AUGUSTA, Maine — Legislative Republicans who convened in Augusta on Friday to name new leaders in the wake of Tuesday’s elections returned familiar faces to the upper ranks of their party.
Sen. Mike Thibodeau of Winterport, who has been Senate minority leader for the past two years, was unanimously chosen by his caucus — which controls a 20-15 majority — to be the next Senate president, though technically that decision will have to be confirmed by the full Senate on Dec. 3. Senate Republicans chose third-term Sen. Garrett Mason of Lisbon Falls as their majority leader and Sen. Andre Cushing of Hampden as assistant majority leader, or whip.
In the House, Rep. Ken Fredette, R-Newport, was unanimously named House minority leader, a position he has held for the past two years. Though still outnumbered by the Democrats, Fredette saw his party pick up 10 additional seats in the House, swelling the GOP ranks to 68. The House GOP caucus chose Rep. Ellie Espling, R-New Gloucester, for whip.
Though not as well known as the governor, legislative leaders — the Senate president, House speaker and majority and minority leaders from both parties — play an equally crucial role in the development of state policy and budgets. The president and speaker — known as the “presiding officers” — control the agenda of the Legislature, and all members of leadership function as their parties’ top negotiators in the State House.
Members of leadership also are expected to protect their incumbents and grow their respective caucuses through fundraising and campaigning in each election cycle.
Thibodeau, as Senate president, also is second in line to Gov. Paul LePage in the order of succession.
The policy agenda he outlined on Friday mirrored LePage’s. He said he would push to enact a spectrum of welfare reform measures, reduce and stabilize energy prices, improve the state’s economic climate and try to stem the flow of independent “dark money” into Maine’s election process.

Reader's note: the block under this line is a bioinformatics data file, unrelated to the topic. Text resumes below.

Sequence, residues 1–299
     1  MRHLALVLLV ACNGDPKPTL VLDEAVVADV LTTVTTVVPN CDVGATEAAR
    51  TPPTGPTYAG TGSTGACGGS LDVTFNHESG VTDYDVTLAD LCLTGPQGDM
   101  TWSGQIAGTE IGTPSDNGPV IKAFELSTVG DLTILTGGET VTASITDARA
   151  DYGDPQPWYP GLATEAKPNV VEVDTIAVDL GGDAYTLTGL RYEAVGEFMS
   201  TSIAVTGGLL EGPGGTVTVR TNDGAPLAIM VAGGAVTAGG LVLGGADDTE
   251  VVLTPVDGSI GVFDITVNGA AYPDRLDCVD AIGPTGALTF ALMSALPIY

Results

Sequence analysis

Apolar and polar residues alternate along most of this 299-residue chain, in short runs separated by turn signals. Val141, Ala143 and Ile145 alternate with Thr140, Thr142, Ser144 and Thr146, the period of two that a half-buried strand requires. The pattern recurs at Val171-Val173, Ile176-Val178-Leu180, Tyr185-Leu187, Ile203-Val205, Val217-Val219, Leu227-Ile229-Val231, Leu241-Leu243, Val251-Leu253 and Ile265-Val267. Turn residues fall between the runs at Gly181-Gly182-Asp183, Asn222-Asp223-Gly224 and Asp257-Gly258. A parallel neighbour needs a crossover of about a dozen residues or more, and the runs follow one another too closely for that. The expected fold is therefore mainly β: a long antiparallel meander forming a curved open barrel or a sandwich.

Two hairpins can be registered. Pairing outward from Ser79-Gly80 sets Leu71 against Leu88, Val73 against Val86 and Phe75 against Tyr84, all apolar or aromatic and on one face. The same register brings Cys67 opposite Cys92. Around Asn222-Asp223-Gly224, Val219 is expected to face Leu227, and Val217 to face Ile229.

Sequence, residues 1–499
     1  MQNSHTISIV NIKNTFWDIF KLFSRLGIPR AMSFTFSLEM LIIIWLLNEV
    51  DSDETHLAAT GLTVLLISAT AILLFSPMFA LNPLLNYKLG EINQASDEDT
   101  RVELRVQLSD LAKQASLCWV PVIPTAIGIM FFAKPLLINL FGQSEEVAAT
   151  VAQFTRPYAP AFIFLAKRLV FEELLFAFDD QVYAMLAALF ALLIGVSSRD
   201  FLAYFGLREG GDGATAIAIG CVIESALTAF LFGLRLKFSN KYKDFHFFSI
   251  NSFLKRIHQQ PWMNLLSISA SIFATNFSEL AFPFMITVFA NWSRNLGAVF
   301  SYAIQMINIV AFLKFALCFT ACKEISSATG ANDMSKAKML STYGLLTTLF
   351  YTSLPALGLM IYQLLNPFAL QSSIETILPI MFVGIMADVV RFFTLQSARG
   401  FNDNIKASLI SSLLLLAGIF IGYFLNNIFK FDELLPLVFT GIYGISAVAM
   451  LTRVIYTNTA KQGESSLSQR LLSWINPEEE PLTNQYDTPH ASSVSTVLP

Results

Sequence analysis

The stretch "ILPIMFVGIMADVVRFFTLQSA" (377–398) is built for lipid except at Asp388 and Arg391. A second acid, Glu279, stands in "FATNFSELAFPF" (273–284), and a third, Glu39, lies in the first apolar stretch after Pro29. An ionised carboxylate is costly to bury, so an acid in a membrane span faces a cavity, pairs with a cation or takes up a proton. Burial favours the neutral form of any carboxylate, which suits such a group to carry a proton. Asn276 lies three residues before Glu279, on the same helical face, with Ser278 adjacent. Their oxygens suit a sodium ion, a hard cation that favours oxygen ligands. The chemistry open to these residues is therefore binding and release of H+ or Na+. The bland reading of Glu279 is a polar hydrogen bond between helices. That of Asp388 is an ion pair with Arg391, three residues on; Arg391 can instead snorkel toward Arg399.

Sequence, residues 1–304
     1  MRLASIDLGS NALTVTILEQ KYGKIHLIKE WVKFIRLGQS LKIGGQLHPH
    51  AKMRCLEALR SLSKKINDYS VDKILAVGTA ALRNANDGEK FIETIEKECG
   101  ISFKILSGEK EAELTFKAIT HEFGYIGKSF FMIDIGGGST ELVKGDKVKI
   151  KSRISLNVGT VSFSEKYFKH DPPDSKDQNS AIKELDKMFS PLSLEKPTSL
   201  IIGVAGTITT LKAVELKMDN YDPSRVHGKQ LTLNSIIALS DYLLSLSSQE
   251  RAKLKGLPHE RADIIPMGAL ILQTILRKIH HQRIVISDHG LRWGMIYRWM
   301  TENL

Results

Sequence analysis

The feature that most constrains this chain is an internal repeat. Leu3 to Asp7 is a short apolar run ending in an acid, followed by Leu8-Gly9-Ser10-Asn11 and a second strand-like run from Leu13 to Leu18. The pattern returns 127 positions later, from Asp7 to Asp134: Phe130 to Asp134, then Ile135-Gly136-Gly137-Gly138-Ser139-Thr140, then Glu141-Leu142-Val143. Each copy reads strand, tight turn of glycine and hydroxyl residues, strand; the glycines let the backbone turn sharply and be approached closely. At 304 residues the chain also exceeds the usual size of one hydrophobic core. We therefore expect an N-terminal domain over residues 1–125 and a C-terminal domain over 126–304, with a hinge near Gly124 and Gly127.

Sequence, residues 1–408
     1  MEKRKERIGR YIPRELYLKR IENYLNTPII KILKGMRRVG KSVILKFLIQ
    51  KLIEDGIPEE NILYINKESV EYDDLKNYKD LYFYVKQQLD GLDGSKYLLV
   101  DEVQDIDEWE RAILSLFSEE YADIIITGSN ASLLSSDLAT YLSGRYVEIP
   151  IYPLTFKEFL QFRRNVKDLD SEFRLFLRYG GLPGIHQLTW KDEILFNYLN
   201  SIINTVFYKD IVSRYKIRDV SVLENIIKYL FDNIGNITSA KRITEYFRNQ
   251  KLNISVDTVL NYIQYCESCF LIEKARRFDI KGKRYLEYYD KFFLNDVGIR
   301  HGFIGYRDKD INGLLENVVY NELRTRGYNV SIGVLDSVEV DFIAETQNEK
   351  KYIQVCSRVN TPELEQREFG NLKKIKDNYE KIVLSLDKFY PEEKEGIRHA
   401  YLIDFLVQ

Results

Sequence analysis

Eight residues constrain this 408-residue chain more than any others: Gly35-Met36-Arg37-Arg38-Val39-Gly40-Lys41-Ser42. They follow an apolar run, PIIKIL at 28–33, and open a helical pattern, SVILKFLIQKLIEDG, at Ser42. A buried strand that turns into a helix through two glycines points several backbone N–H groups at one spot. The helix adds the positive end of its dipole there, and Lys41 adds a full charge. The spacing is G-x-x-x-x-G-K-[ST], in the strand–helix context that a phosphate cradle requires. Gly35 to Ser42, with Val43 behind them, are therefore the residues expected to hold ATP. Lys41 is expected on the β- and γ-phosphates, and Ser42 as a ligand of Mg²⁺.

“We are going to accomplish some amazing things for the people of the state of Maine and they are counting on us to do so,” said Thibodeau, a businessman who survived a challenge for his seat by 115 votes on Election Day. “It has been an intense campaign and now it’s over, and we have some serious challenges ahead of us. We need to do everything we can to improve Maine’s economy.”
While Cushing is no stranger to leadership, having been House majority whip from 2010 to 2012, the post of majority leader is Mason’s first leadership role.
“I want to help you be successful in getting your policy dreams into public law,” said Mason. “In order to be effective, we must be efficient. … I know our vision is right for the state of Maine.”
While Fredette ran unopposed for the top Republican position in the House, a horse race erupted for the position of whip. Reps. Jeffrey Timberlake of Turner, Stacey Guerin of Glenburn, James Gillway of Searsport and Deborah Sanderson of Chelsea were all nominated for the post.
Sanderson, who rose to prominence last session as the ranking GOP member of the Health and Human Services Committee, had lobbied colleagues to support her bid and would likely have been the favored candidate. However, she surprised the caucus by rejecting the nomination and putting Espling’s name forward instead.
“I know there are individuals who have pledged their support for my leadership,” she said. “I ask that you now support Ellie in my stead,” Sanderson said. She said that while Espling is known as a quiet member of the caucus, she has the fortitude to stand up not only to majority Democrats, but the governor.
“Please don’t mistake her soft voice or quiet demeanor for lack of strength,” she said.
Espling, a stay-at-home mom who homeschools her four children, is an ally of LePage and staunch social conservative. She gave an impassioned floor speech before the vote, telling the caucus that as whip, she’d ensure individual members of the caucus received their due.
“We have strengths that are not being used, and are ignored. Leadership needs to get to know members, know their strengths and utilize them,” she said. “It should not be set up so that leadership dictates to the caucus, but the caucus dictates to leadership. … Too often it seems leadership makes a plan and tells the caucus what it’s going to be. This is backward.”
Gillway and Guerin were quickly eliminated in the runoff election, leaving a two-way race between Espling and Timberlake. The Turner lawmaker had donated money, time and experience to incoming freshmen lawmakers’ campaigns and asked the new members to return the favor by supporting his bid for leadership.
In the end, Espling won the support of the caucus, which she attributed in part to Sanderson’s support. In a post-election media huddle with Fredette, she quickly shifted tone to one more supportive of her new partner in leadership.
“I’m a delegator. I’m a planner, I’m an organizer, I’m a team player,” she said. “I think that will complement Ken’s style, and how he’s proven himself over the past few years as a very strong leader. … We can bring those things together to complement each other.”
Democrats are scheduled to choose their leaders on Nov. 12.